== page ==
A pre-approval letter is given to an individual planning to buy a house if everything looks good after the lender has reviewed their complete mortgage application, verified provided information, performed a credit check.
The pre-approval letter usually details an offer from the lender to lend the potential buyer a particular amount and is valid for up to 90 days. In the hierarchy of documents that prove creditworthiness, it comes only second to a purchase contract.
What is a Pre-Qualification Letter?
A pre-qualification letter usually comes after an individual has been deemed to pre-qualify for a home loan. It is one of the necessary documents in the early stages of the home buying process and usually gives an estimate of what the individual can borrow.
Pre-qualification also affords the opportunity to explore mortgage options and a chance to interact with the lender to determine the best option based on specific needs.
What is a Contingency in real estate?
Contingent implies that “something depends on certain circumstances” or it is an “if-then” situation.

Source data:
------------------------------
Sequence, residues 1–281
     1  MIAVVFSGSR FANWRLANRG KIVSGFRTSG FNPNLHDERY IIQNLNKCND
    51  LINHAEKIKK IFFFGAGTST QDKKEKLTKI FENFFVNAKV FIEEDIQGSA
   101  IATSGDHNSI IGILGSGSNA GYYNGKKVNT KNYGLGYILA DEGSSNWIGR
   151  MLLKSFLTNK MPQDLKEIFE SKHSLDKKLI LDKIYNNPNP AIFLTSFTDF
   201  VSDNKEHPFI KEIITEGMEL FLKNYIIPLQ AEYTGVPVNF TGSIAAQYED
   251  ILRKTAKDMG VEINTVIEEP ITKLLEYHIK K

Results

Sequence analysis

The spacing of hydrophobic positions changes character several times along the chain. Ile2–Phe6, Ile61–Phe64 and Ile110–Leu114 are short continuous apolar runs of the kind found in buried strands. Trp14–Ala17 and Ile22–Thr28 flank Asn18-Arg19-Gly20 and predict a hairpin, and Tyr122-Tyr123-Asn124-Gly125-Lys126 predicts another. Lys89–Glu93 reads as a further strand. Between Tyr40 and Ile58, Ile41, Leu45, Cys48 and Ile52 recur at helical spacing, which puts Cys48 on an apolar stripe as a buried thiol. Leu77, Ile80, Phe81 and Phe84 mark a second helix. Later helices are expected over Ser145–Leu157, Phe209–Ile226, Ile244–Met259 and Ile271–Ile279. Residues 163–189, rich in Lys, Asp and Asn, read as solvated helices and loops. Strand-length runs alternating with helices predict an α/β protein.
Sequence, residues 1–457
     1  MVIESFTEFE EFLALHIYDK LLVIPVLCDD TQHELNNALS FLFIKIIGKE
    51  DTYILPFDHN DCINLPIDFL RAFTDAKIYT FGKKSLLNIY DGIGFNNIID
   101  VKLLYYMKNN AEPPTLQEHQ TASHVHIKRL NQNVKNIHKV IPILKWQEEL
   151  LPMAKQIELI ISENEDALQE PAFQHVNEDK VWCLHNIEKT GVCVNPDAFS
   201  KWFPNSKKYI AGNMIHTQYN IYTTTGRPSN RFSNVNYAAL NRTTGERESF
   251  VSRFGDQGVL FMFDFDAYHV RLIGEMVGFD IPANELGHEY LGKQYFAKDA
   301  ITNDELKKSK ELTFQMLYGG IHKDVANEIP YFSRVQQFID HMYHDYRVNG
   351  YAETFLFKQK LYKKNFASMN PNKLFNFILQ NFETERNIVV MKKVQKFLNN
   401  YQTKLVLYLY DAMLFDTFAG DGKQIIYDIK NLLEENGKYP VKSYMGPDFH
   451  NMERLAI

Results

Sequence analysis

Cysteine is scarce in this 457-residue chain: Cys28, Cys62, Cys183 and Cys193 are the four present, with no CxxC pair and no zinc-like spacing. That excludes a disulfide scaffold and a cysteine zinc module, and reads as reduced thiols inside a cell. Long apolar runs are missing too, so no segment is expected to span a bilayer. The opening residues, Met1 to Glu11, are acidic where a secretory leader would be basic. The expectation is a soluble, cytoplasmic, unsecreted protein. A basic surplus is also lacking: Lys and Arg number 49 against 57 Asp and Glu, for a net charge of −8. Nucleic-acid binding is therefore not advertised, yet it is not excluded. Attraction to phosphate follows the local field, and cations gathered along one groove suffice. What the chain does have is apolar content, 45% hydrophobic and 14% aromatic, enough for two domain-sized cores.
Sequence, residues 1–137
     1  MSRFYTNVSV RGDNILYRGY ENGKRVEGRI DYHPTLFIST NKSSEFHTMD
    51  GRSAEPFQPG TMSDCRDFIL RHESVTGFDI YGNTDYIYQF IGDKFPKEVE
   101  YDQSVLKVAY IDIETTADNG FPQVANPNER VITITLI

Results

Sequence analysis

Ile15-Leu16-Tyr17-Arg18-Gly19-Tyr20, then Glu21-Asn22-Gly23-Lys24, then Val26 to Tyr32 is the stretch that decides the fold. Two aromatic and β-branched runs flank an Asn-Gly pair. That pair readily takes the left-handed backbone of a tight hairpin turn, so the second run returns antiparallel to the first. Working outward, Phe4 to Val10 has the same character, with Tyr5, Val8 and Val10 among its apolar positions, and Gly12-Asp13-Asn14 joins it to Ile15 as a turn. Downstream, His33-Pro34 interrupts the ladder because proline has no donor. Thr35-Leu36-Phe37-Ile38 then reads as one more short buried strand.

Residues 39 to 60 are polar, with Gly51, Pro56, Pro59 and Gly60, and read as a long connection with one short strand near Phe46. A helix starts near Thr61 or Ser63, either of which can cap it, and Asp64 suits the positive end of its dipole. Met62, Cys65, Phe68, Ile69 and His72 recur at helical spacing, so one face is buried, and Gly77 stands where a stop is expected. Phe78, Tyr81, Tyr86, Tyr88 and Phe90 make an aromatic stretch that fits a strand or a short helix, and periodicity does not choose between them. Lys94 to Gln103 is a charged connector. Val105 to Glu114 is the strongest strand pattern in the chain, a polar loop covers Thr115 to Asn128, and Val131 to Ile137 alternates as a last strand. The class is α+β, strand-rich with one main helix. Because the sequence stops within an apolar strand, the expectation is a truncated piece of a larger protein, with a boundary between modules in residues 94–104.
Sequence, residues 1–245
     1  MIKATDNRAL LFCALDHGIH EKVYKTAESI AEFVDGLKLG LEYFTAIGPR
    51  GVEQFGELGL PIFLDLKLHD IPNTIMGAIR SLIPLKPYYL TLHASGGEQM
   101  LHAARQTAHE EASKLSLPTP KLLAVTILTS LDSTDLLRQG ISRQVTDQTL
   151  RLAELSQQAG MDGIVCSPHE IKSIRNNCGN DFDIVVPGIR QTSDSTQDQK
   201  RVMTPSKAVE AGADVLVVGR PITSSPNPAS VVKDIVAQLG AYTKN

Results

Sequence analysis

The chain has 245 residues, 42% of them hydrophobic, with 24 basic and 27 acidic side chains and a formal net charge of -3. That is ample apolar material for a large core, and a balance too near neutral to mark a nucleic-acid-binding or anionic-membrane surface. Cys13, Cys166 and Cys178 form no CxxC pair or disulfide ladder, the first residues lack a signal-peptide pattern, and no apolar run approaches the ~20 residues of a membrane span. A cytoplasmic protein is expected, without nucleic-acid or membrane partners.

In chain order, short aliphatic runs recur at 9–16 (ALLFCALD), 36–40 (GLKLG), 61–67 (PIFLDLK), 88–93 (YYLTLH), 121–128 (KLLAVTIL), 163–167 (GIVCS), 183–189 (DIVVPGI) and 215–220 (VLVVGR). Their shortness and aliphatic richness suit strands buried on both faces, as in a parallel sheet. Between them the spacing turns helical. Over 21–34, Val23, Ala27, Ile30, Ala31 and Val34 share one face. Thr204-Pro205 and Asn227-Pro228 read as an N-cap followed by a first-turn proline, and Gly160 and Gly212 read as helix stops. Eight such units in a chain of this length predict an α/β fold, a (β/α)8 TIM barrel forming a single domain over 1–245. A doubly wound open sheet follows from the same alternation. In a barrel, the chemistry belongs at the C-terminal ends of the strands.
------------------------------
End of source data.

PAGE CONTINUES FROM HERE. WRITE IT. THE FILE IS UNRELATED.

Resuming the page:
If a house is listed as contingent in real estate, it implies that there has been an offer made, and said offer has been accepted. However, before the transaction can be completed, some extra criteria need to be fulfilled.
The three most common real estate contingencies are appraisal, inspection, and financing. An appraisal contingency guarantees that the property would have a minimum, specified price tag while an inspection contingency grants the prospective buyer the right to inspect the home within a stated period.
For a real estate deal to be completed, all three boxes must be ticked.
What is an RPA (Residential Purchase Agreement)?
A Residential Purchase Agreement (RPA) is a basic and important document that outlines all the information relating to a real estate transaction between a buyer and a seller. It could include details about settlement, price, option to terminate as well as disclosures like lead-based paint use.
The seller is mandated under law to disclose any issues concerning the property to the buyer at this point.
What does Escrow mean?